Thanks for your thorough answer!
Your solution checks if there is serial data. If not, it returns immediately. You have no idea how long the serial buffer has been empty. Maybe that's OK. Maybe not.
If there is as-yet-unread serial data, it records how much, and waits the entire amount of time defined.
That's okay. As I empty the Serial as the first thing in my loop() (see reply #4 in this thread).
If any data arrives during that time, it again waits the entire amount of time before checking whether new data has arrived.
Between when that function ends and the next function gets called, to actually send the data, more data could have arrived.
That's true - but your method wouldn't catch that either. That's why I choose to wait and then check again, before start sending if new data was received since the buffer was emptied.
Nothing else can happen during those delays (and, yes I recognize that they are short).
Mine, on the other hand, checks on every pass through loop, and records when there is a change in the amount of data.
The delays only occur when there is data to send. My function waits only if there has been activity on the bus, and as soon as the bus has been idle long enough starts to send data.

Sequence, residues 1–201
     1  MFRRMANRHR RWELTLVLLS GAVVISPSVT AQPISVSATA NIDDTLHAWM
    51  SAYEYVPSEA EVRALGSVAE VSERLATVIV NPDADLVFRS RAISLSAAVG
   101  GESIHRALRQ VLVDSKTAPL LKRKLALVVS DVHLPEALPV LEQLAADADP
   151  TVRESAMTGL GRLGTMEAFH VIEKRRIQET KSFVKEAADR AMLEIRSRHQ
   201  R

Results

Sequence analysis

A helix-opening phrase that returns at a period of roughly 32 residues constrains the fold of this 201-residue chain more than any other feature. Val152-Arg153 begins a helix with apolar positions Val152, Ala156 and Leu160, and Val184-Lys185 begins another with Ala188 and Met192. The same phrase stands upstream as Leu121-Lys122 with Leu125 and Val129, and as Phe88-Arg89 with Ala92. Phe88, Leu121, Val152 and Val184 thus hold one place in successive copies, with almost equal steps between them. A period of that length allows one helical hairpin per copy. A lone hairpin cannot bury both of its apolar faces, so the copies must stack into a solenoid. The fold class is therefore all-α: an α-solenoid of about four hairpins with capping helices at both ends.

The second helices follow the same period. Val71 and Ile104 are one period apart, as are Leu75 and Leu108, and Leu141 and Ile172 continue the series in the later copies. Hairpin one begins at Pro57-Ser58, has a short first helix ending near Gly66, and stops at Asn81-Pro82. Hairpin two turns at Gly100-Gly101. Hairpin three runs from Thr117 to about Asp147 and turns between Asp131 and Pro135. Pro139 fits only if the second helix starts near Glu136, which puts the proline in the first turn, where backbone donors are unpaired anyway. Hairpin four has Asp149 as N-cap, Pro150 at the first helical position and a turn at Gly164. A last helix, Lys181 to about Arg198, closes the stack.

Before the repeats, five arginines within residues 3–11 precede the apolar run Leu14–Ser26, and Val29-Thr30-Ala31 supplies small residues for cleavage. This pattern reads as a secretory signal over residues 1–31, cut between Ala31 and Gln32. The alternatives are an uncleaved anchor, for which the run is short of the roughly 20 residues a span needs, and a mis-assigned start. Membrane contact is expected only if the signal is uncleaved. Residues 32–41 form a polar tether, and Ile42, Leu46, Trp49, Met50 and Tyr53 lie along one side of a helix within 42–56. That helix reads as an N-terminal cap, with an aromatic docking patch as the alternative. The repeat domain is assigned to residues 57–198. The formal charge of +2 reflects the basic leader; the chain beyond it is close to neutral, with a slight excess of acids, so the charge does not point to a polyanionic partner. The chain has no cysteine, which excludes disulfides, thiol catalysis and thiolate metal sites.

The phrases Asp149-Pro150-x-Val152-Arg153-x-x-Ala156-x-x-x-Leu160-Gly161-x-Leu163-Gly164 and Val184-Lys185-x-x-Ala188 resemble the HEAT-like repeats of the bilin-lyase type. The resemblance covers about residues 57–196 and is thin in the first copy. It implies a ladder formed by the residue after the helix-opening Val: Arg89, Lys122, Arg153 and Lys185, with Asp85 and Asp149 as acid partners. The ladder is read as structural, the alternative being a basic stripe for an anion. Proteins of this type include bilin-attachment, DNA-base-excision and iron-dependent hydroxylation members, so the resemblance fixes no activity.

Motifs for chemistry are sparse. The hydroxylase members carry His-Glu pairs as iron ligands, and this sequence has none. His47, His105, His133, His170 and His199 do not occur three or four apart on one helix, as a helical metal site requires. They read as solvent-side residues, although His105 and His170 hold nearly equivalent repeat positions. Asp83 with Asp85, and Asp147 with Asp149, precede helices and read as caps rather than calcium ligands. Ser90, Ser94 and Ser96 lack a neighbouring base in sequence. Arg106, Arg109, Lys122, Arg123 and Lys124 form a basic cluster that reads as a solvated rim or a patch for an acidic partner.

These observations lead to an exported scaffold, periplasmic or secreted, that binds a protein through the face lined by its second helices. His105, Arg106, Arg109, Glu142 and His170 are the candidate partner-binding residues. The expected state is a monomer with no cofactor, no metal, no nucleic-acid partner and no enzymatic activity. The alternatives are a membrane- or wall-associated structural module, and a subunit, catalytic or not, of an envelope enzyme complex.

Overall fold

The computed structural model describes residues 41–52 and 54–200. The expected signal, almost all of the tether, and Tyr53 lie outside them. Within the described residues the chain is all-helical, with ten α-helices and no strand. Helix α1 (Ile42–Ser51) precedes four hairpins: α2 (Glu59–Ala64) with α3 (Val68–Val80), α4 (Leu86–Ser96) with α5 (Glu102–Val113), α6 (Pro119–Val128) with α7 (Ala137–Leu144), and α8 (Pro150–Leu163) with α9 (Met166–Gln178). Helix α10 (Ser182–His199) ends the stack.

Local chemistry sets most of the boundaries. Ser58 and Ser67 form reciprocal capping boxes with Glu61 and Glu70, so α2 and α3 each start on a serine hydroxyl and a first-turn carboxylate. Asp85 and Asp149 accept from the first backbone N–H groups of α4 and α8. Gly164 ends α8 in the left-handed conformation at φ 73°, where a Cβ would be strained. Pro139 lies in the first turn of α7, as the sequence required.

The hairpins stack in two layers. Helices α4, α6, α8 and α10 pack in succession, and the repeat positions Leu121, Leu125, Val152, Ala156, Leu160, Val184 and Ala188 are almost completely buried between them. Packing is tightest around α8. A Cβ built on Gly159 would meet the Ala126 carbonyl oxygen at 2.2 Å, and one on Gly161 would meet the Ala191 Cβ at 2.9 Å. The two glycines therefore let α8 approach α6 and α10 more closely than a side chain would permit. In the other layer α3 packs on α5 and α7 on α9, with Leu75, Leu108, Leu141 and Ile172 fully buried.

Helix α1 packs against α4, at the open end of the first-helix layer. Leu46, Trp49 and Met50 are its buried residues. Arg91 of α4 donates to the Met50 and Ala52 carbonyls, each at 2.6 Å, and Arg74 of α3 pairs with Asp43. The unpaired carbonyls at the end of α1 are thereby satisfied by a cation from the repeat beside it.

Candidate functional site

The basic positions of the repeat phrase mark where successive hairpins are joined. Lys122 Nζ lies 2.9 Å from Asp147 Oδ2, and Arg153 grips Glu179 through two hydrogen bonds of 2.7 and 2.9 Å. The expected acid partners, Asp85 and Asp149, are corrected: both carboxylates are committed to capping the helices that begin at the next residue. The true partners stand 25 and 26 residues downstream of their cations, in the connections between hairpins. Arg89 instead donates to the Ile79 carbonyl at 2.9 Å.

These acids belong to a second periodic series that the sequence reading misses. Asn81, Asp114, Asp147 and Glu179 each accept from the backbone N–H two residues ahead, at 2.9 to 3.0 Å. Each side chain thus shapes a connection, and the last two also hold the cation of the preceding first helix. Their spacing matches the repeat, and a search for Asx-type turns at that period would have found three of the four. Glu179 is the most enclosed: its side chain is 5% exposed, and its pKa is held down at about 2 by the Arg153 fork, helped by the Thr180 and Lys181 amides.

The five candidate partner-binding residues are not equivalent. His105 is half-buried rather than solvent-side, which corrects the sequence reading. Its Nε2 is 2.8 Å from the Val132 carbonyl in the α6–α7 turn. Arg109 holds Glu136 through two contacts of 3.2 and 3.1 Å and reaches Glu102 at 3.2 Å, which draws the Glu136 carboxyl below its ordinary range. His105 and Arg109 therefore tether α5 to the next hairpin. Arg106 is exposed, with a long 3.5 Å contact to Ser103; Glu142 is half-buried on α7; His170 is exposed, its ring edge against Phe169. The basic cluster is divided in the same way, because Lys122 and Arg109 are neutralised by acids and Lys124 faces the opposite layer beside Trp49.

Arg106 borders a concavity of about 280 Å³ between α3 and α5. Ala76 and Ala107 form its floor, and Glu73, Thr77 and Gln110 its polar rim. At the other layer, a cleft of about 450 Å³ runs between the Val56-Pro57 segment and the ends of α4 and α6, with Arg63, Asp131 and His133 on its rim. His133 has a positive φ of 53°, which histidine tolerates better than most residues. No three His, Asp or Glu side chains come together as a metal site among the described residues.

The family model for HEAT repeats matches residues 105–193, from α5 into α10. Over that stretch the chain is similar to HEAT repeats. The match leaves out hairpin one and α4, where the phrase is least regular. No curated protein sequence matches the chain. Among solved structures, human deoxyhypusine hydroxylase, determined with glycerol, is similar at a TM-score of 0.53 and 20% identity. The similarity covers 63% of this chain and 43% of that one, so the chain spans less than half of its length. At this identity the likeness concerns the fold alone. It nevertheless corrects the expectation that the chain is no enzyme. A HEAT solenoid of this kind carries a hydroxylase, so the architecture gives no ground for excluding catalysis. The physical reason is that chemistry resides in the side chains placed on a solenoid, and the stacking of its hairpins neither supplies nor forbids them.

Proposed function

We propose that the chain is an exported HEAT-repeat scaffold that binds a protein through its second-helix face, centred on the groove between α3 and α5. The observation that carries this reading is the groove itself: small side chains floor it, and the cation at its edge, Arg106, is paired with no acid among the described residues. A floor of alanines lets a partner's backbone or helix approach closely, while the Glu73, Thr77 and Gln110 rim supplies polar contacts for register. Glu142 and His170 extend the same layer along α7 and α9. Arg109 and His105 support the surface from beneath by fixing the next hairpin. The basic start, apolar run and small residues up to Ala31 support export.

You cannot know if data has been received between the first check in the loop() function and the call to the sendmessage() function (the lastSerial variable would still contain the time stamp we polled for serial data, not the time the last data was received). And that's the issue here! Both yours and my solution are workarounds. The *right* way would be to subscribe to a interrupt that fires when a byte is received - and then update a time stamp. That way a method as shown in my opening post could be used, which is a mix between yours and my attempt to make the workaround
Thanks for your contribution so far! When I find the right solution (for me that is) I'll post an update to this thread!